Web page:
I’ve noticed that BsAs followers are great flatterers. Pretty much without exception they will say how good a dancer you are, that you must have been dancing for many years, that you must have learned in Buenos Aires … you name it. Several have told me they will be back at the same place on such-and-such a day, so this is clearly a way to try to pre-book tandas!

Tina’s experience of the leaders was … more mixed. There was one leader so bad I could see from the far side of the room that he appeared to have confused dancing with steering a bus. Fortunately there was great music in the next tanda, so we were able to have a truly lovely dance to erase the experience.

I was continuing my double-time experiments. The specific pattern Diego had suggested as a gentle intro was still feeling like it required too much thought (much more home drilling needed to get to the point where my brain is not required), but in the walk, it finally felt smooth and controlled!

Something else: I’d struggled a bit with clockwise giros, finding they felt more awkward. Yet now they are working absolutely beautifully! They feel incredibly fluid for the first time ever, and there’s no uncertainty on the part of followers. I have no idea how this happened, as I haven’t really been giving it much conscious attention, but I couldn’t be happier!

We stayed until 12.30, by which time the room was pretty empty, then headed home.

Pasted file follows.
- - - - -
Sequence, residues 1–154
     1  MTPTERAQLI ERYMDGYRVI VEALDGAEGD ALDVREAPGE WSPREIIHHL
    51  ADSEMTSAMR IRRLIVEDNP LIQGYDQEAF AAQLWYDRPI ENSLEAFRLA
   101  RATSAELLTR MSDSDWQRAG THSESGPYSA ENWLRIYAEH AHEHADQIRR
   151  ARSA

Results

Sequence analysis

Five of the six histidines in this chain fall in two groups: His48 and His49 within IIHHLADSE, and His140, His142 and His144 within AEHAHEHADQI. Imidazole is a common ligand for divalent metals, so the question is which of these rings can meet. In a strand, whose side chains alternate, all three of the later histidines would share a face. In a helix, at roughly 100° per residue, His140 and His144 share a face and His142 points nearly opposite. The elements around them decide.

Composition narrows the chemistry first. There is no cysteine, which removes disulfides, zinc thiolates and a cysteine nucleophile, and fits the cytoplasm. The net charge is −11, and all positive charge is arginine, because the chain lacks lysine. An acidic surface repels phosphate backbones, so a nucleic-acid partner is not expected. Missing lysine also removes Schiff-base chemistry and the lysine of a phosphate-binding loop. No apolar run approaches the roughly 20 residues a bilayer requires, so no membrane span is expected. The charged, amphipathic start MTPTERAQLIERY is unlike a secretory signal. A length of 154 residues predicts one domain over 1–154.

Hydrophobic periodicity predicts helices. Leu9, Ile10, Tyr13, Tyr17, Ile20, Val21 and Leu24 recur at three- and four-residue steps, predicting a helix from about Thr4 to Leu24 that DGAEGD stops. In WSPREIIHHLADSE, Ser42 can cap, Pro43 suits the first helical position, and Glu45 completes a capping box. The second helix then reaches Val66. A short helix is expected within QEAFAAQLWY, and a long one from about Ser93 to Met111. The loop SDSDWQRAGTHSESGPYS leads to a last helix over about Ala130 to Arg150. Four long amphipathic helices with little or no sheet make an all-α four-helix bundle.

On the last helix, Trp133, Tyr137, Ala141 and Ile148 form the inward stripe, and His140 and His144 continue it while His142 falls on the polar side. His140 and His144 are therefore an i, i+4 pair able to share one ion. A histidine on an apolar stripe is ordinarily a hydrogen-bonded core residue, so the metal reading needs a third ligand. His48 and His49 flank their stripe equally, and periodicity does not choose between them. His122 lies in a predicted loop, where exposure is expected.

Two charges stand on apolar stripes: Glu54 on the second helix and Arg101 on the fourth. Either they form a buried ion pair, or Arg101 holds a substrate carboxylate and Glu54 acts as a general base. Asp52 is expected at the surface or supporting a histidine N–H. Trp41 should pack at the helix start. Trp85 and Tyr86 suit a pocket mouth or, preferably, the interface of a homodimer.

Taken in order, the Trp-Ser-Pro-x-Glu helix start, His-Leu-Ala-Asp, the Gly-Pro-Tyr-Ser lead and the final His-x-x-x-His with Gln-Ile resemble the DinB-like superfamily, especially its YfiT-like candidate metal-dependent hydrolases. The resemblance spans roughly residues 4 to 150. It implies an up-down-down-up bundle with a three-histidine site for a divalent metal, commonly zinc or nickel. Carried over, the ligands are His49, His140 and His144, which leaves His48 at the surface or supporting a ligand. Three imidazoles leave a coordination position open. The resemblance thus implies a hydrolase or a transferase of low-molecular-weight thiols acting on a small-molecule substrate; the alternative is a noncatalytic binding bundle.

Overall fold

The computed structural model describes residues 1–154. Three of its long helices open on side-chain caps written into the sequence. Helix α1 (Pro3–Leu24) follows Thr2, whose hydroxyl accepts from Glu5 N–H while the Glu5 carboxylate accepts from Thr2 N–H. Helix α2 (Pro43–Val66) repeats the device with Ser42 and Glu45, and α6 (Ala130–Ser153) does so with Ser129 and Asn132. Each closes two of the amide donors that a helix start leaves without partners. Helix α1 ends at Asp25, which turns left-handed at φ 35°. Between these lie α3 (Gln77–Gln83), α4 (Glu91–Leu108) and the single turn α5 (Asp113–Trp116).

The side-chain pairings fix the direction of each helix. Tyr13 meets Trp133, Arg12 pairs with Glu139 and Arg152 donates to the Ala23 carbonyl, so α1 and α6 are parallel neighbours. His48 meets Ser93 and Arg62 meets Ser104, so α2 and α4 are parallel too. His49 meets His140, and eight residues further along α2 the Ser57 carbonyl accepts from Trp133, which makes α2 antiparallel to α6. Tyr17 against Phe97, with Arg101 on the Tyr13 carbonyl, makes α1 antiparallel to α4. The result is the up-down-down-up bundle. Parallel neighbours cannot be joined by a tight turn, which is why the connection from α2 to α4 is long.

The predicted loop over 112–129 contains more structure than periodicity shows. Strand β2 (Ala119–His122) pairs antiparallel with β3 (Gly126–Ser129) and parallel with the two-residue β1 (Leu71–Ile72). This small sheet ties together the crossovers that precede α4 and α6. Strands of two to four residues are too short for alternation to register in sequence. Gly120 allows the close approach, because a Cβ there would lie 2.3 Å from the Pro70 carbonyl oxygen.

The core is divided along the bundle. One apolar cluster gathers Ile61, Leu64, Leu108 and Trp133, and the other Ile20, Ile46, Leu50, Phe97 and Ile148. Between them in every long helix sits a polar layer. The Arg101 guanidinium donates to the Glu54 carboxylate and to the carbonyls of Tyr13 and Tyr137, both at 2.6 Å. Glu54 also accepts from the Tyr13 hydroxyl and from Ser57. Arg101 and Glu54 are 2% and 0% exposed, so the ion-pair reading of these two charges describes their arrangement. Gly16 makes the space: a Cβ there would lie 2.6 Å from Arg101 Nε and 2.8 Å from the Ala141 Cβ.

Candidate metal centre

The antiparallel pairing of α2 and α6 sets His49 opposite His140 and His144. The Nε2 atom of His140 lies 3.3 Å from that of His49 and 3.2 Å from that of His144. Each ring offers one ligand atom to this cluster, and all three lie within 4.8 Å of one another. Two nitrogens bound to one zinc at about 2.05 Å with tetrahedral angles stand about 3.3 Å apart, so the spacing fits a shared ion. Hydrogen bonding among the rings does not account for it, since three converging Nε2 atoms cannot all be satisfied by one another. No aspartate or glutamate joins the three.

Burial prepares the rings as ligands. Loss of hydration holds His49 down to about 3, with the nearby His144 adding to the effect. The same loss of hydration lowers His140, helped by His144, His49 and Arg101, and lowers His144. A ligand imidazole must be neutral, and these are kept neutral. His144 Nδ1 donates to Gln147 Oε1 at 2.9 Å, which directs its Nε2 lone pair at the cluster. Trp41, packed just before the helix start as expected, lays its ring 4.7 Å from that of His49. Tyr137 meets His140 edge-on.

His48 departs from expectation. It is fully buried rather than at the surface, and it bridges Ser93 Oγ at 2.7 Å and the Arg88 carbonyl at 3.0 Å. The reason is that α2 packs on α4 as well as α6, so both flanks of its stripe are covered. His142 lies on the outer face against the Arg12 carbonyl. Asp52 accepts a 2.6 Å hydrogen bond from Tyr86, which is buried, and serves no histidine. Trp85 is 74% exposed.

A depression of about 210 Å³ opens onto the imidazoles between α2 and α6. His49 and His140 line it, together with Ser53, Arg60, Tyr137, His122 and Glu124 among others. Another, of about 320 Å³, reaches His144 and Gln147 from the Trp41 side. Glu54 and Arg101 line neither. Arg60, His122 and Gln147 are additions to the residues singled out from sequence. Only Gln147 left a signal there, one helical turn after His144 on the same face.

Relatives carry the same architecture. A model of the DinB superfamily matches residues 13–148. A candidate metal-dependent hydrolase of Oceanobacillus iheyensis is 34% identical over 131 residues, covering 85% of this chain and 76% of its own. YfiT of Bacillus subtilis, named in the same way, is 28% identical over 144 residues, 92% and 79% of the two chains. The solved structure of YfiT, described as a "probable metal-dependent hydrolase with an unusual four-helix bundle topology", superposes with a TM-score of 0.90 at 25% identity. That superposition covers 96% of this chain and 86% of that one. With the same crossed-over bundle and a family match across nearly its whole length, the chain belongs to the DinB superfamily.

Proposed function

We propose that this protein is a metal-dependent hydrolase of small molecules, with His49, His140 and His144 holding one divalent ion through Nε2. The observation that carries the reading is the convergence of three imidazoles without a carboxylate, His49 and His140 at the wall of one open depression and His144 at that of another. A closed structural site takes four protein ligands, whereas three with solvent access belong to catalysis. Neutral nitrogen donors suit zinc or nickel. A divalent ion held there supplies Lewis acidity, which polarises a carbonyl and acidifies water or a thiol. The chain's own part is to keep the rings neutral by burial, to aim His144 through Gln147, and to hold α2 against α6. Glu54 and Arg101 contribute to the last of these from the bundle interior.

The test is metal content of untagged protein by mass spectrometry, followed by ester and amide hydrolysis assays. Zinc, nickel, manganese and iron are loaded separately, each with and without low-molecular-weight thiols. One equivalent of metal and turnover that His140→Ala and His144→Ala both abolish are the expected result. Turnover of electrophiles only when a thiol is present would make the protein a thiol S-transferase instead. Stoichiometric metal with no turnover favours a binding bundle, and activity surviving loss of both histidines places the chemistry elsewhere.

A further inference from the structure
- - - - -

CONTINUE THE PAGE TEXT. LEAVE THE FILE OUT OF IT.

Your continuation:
Arriving home was officially time for …

The Great Malbec Experiment: Parte Tres!

The £8 Malbec was now but a memory, so it was finally time to open the 90p one!

After the £2 bottle at La Maria, I was rather fearful. My trepidation didn’t decrease when the corkscrew struggled to get a purchase in the uber-cheap cork. Finally I succeeded, and it was time for the test to begin.

I put my nose to the bottle, paused a moment, then breathed in. A few seconds later, I was still alive, conscious and my eyes weren’t watering.

I poured a glass, and again breathed in the aroma. Nothing encouraging, but nor was it discouraging.

I took a sip. My first impression was that it was sweet but pretty harsh. I took another sip. It seemed bad but less than lethal. I decided to let it breathe for a while to see what, if anything, happened.

Twenty minutes later, another sip. Not quite trusting my taste buds, I took another sip. Something very unlikely was happening. It had softened considerably in that time.

Another ten minutes, another sip. Bloody hell. This stuff is actually perfectly drinkable! I mean, I’m not planning on buying a case to bring home or anything, but at 2am after a milonga, it was a viable way to wind down. Leagues better than yesterday’s £2 bottle.

Argentina: every day, a fresh surprise.